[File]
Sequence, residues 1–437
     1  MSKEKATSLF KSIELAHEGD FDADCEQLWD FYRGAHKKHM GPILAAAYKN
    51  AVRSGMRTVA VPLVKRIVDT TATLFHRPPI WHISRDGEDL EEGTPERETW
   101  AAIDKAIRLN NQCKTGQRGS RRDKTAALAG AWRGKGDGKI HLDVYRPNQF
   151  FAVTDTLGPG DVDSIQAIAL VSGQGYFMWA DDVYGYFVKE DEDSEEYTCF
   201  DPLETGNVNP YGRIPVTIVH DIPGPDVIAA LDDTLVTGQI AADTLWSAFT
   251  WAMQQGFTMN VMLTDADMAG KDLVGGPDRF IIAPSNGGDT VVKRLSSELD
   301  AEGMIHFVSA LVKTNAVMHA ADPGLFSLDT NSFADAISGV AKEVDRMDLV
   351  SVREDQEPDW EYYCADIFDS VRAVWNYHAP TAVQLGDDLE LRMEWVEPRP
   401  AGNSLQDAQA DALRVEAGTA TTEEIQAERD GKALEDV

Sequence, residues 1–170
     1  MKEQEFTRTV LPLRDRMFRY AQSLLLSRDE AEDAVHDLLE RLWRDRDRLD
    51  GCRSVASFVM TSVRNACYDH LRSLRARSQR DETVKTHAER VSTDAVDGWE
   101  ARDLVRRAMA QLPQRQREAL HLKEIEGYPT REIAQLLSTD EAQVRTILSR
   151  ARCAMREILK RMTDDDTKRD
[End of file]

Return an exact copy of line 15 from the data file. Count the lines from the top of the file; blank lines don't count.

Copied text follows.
   151  ARCAMREILK RMTDDDTKRD